On the 12th of February, as part of the #Piirusvoices campaign, piirus.ac.uk hosted a Twitter chat centering around the theme of loving your research.
The event, jointly chaired by piirus.ac.uk correspondents Arun Verma and myself was essentially run as a large group discussion that academics were free to drop into and out of as they pleased.
There were three main ideas discussed during the talk:
- What do you love most about your current research?
- What research collaborations have you most enjoyed?
- Why do you love your research?
Collectively, these provoked a spirited academic dialogue. Various researchers offered wisdom, advice and shared their hard-earned experience with those still finding their feet.
Although this wasn’t my maiden voyage aboard the Twitter juggernaut, it was the first time I had been involved in a Twitter chat. Being ostensibly at the helm made it a bit more daunting, but the event proceeded with remarkable ease.
The basic idea behind a Twitter chat is that a group of people with similar interests get together at a designated time to discuss a pre-determined topic. You use a hashtag (#) to have your tweets seen by people following the discussion.
Think of it as the online version of going to a bar to talk about a certain topic with your friends. There’s no dress code, and a keyboard instead of drinks . So to be ‘heard’ you just use the relevant hashtag, in this case it was #piirusvoices. We also used #loveyourresearch for our theme when character limits permitted.
As with many things, preparation helps here. Before I did the chat I familiarised myself with the basics of a Twitter chat. One tool which I found really useful was tweetchat. All you do is:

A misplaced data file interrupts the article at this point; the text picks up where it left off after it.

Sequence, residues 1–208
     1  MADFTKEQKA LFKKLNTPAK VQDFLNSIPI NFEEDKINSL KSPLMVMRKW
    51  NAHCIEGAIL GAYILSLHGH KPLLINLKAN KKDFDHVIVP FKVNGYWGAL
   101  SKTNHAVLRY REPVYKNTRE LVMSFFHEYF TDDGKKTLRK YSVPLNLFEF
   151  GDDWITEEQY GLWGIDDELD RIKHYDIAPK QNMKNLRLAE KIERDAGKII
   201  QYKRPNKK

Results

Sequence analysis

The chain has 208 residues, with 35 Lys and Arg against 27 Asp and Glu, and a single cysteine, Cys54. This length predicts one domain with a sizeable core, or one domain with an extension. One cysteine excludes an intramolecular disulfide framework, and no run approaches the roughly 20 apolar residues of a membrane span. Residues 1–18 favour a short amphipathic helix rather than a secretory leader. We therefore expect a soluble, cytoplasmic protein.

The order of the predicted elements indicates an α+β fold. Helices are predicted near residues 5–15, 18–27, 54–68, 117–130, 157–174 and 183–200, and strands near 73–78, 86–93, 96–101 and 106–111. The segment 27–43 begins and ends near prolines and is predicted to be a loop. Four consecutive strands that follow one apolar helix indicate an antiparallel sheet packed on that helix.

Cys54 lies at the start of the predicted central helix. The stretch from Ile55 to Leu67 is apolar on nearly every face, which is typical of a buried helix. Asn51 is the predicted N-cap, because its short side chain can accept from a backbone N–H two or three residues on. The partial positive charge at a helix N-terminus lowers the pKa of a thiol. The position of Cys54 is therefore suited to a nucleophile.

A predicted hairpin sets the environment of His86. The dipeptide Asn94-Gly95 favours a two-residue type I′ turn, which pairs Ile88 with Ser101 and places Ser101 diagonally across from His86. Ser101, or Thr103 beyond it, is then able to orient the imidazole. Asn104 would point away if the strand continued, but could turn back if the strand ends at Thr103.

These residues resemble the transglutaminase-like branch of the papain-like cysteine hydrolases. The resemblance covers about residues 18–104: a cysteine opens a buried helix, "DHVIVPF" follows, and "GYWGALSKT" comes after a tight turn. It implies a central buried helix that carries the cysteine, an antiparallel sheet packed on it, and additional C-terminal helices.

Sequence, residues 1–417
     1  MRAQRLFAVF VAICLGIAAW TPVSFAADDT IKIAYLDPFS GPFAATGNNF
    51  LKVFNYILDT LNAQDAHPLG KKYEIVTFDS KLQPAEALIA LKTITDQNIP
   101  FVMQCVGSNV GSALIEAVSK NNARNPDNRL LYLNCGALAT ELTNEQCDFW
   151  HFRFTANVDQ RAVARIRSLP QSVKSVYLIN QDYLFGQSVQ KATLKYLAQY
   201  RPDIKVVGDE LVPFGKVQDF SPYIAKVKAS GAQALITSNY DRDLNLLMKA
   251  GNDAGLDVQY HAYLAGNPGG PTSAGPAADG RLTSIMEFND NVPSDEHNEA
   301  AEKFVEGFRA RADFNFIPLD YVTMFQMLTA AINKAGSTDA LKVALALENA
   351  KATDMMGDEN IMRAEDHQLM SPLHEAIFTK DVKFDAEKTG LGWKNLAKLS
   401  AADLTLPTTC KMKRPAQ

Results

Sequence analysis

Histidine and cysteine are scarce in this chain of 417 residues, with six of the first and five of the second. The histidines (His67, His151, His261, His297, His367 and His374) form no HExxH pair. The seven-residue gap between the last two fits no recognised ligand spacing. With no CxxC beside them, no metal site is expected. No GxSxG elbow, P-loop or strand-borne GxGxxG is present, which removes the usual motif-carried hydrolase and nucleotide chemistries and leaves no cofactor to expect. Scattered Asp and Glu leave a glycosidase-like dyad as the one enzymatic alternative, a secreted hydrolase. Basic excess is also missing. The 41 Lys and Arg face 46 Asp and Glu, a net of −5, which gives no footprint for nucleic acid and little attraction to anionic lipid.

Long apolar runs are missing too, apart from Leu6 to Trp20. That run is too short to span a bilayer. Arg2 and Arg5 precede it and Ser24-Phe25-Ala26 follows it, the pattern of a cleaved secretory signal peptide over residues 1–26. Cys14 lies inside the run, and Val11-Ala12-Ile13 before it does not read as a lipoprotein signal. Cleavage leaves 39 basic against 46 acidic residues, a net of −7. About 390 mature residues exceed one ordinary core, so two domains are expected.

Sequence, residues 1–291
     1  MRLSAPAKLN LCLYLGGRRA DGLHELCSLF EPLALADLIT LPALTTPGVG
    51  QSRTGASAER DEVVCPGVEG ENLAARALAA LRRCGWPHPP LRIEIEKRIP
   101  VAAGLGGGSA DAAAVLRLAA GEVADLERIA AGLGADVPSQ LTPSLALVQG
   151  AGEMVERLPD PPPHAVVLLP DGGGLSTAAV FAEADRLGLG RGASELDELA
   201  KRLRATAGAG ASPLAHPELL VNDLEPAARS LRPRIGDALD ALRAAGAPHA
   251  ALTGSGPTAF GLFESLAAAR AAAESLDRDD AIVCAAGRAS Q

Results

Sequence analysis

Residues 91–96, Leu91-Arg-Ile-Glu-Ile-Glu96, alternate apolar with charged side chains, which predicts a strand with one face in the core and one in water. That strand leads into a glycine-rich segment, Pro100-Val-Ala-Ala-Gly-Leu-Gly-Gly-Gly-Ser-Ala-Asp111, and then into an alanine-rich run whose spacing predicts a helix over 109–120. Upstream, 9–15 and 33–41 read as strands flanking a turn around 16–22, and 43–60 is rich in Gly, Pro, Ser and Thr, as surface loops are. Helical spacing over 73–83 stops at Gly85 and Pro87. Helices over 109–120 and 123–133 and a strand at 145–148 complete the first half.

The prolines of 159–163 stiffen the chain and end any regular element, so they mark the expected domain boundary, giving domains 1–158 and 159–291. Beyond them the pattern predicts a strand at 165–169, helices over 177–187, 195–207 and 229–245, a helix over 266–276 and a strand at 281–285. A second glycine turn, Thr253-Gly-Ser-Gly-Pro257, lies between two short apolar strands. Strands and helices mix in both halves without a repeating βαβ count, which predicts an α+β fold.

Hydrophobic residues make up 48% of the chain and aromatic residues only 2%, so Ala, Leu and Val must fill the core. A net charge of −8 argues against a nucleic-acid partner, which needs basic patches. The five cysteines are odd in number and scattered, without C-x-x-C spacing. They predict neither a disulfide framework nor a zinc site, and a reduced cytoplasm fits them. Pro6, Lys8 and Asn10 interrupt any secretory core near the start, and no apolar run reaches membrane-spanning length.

- Go to tweetchat (this is an entirely free service)
- Type in the hashtag you want to follow (#piirusvoices)
- Sign in with your Twitter details
And then you will see a stream where all the tweets tagged with #piirusvoices will be displayed. It’s kind of like isolating a few people you want to talk to, about a topic you want to talk about. Otherwise, when you tweet you are kind of shouting across a crowded room where the messages you want to hear get lost in all of the other conversations that are going on. To contribute to the conversation, just type in the box.
Twitter chats are a great place to meet and learn from like-minded people. I thoroughly recommend participating in them!
Footnote 1: Some of you may have read the ‘no drinks’ part and be thinking that this sounds absolutely horrible. You can buy and pour your own drinks, and you can attend a Twitter chat in your underwear (not socially acceptable in a bar).
Image copyright: By OpenClipartVectors [CC BY-SA 4.0], via Pixabay.